Tips & advice on getting your finances back on track.
Over the last year, we have heard quite a bit about the economy. We have seen interest rates decrease and housing costs increase. We have seen record numbers of unemployment, leaving people unable to pay their rent and mortgages. One abbreviation I continue to see is CPI. I thought I would share what CPI means and how it is not only impacting the economy, but us personally.
CPI is the Consumer Price Index. The Consumer Price Index measures the monthly change in the retail prices of approximately 80,000 specific goods and services. The goods and services fall into eight major categories: food and beverage, housing, apparel, transportation, medical care, recreation, education and communication. These goods and services are known as the market basket. You may notice that the market basket contains goods and services that we purchase often, even during Covid-19.
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The CPI reflects spending patterns for each of two population groups: urban consumers and urban wage earners. The urban consumer group represents about 93 percent of the total U.S. population. Not included in the CPI are the spending patterns of people living in rural nonmetropolitan areas, those in farm households, people in the Armed Forces, and those in institutions, such as prisons and mental hospitals.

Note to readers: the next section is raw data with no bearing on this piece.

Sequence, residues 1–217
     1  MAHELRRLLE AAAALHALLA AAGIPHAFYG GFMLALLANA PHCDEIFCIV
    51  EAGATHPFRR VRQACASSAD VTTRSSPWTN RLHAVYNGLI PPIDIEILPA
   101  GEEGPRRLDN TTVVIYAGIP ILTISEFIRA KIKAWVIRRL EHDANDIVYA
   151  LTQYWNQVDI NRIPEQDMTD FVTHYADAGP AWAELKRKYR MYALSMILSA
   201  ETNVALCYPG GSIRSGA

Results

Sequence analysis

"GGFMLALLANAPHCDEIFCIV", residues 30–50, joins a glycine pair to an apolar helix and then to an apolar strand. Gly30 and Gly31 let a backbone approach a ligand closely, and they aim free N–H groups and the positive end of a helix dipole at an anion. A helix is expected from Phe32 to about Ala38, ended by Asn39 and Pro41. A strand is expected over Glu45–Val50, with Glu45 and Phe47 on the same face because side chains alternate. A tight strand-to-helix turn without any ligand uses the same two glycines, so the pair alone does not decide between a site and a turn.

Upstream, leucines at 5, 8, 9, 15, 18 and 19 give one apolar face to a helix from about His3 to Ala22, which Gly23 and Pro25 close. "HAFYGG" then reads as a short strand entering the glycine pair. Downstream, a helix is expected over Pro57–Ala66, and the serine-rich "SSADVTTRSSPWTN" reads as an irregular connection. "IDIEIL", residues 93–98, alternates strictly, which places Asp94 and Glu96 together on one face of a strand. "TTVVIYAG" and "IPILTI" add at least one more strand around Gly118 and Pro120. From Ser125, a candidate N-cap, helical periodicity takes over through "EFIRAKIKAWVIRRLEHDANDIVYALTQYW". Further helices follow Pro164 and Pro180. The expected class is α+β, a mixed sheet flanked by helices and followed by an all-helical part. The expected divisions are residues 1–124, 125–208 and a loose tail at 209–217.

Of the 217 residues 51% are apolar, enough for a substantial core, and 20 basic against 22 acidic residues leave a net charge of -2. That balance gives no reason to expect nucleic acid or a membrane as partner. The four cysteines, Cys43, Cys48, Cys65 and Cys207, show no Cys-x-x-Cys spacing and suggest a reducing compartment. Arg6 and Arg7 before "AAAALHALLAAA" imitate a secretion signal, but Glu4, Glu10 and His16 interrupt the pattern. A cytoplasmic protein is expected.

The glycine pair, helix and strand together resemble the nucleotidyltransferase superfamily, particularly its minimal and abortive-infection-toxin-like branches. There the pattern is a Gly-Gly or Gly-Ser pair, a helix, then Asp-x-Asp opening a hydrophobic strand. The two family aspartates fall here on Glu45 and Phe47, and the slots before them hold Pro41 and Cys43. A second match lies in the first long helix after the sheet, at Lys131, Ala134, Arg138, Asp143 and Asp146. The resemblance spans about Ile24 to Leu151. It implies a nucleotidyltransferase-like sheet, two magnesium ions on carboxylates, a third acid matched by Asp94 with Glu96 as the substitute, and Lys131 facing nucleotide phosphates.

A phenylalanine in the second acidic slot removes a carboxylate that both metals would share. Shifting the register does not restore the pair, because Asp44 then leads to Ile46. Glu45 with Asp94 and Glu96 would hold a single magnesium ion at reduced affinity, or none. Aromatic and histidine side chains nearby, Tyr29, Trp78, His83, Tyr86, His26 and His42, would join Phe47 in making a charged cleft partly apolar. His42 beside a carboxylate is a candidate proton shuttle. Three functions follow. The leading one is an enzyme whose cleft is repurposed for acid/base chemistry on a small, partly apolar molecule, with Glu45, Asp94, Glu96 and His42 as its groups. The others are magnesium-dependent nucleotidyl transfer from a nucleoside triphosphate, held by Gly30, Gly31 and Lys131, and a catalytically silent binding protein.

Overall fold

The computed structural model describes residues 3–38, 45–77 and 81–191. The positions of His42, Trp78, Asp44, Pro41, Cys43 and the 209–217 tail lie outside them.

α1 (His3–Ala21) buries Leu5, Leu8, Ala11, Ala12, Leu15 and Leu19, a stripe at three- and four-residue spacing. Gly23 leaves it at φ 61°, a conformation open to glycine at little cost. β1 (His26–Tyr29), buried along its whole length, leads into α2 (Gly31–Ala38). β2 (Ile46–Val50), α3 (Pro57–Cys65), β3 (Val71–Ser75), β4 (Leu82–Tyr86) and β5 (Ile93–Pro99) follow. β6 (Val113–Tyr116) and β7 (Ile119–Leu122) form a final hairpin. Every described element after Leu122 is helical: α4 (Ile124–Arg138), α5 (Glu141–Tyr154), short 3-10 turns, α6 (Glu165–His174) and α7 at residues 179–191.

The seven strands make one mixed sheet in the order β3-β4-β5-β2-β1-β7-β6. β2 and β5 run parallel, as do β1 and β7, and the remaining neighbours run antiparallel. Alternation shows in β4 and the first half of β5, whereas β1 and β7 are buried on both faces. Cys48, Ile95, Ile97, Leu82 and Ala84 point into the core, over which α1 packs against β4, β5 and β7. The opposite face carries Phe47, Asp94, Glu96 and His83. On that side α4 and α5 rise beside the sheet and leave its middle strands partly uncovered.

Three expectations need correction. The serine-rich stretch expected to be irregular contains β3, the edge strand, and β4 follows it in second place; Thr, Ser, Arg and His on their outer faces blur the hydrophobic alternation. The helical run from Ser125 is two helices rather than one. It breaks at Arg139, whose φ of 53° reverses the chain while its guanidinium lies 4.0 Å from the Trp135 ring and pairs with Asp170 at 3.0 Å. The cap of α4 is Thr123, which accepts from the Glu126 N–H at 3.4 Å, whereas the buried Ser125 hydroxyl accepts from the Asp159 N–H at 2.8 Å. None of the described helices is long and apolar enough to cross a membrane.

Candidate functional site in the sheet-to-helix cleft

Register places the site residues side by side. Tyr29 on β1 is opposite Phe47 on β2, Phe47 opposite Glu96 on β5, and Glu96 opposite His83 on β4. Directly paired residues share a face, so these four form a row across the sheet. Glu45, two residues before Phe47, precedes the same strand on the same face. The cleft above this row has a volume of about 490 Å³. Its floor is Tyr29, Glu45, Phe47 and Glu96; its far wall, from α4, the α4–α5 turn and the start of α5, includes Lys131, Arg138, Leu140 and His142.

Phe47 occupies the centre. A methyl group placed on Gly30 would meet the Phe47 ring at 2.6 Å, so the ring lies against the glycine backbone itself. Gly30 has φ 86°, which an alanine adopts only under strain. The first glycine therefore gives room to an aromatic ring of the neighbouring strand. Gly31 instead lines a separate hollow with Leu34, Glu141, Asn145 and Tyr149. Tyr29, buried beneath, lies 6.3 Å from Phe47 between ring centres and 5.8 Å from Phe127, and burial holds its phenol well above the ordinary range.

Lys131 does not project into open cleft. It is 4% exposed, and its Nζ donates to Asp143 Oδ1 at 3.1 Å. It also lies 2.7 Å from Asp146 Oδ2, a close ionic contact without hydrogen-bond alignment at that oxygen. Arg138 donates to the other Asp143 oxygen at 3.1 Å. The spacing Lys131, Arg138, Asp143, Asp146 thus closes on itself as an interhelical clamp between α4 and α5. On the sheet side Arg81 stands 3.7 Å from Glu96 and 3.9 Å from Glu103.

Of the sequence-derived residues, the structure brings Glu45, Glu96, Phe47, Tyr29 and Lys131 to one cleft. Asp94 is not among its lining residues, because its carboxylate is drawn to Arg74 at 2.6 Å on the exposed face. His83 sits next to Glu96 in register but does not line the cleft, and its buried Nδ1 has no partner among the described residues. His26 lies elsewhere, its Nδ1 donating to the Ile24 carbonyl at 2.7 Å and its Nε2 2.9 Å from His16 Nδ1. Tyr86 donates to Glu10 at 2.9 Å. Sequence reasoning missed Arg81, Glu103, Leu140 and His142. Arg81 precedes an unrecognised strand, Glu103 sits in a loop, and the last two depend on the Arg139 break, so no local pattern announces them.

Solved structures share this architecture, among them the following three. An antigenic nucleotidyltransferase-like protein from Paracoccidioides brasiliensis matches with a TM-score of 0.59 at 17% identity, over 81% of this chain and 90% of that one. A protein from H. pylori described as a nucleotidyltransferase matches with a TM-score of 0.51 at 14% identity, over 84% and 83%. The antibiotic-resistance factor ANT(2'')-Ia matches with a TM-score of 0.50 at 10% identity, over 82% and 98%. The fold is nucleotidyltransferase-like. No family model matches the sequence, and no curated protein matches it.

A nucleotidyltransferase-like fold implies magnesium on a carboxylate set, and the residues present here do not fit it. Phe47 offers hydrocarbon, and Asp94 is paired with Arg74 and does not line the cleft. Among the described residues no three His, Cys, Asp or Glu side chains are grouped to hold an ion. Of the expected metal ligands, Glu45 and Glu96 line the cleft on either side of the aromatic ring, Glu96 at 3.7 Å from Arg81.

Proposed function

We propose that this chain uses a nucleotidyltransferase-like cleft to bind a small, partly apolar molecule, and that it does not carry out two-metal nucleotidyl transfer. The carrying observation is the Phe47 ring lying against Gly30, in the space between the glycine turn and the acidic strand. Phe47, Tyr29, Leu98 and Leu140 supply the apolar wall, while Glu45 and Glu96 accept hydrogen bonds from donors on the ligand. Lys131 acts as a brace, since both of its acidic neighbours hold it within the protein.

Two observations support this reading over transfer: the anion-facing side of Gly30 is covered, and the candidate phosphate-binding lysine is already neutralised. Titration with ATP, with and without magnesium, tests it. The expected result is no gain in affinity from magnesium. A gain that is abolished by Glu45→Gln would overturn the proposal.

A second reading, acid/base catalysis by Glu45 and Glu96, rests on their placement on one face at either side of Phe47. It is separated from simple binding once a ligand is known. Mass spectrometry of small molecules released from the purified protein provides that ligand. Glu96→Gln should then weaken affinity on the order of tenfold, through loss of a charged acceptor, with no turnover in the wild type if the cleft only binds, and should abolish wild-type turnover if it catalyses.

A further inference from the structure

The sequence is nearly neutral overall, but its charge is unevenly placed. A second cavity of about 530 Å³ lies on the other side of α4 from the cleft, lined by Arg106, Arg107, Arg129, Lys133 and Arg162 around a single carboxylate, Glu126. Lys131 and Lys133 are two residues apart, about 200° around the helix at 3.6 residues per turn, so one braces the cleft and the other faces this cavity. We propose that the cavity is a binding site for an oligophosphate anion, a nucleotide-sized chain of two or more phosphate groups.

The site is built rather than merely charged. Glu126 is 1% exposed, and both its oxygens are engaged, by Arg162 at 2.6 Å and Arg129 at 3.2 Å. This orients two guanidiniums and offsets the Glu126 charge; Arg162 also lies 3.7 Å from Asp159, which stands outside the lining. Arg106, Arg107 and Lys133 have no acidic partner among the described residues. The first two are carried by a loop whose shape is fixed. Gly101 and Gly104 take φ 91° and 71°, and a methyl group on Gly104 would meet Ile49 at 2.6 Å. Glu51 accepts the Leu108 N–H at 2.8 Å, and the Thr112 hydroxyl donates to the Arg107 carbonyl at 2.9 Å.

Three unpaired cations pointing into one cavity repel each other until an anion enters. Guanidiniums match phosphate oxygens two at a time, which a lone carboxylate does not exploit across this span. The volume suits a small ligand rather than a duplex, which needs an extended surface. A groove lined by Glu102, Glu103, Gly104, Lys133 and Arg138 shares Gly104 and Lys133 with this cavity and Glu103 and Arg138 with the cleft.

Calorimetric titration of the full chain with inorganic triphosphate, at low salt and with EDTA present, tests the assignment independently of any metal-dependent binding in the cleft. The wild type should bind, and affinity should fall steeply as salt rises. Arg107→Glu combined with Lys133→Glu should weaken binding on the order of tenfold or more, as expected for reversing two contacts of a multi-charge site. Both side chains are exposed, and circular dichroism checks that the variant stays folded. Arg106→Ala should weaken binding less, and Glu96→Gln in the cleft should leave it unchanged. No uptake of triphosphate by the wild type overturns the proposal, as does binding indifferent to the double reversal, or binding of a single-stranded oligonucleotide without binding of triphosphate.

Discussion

While the CPI is not following our individual purchases, it does impact how much we pay for items. Changes in the CPI are used to assess price changes associated with the cost of living. The cost of living refers to the amount of money we need to cover our basic needs. The CPI is one of the most frequently used statistics for identifying periods of inflation or deflation in your area.
Feeding ourselves and our families is something we can all relate to. We all need food to survive, but it has become increasingly more expensive to do so. More shocking is that hunger is at an all-time high in the country, and we are all trying to avoid the Corona virus. The consumer price index (CPI) for food increased by 0.4% in December 2020 from the previous month, with food prices ending the year 3.9% higher than 2019, according to recent data from the Department of Agriculture and the Bureau of Labor Statistics. The year-over-year jump outpaced the 20-year average of 2% and the increases seen in 2018 (0.4%) and 2019 (0.9%). In laymen’s terms, food is getting more expensive. We are also seeing an increase in credit use to pay for items such as food shopping, utilities and rent.
Given the changes in the cost of food, it’s a good idea to revisit your budget to ensure you have enough built in for grocery expenses. Feel free to reach out to a Navicore Counselor for assistance at 800-992-4557.
Kim Cole is the Community Engagement Manager for Navicore Solutions. Kim provides financial education workshops and seminars to communities. Readers can submit general questions relating to personal finance, credit scoring, debt management, student loans, home finance or bankruptcy which may be highlighted in the next month’s edition. All identifying information will be kept anonymous.
Please send your questions via email to DearKim@navicoresolutions.org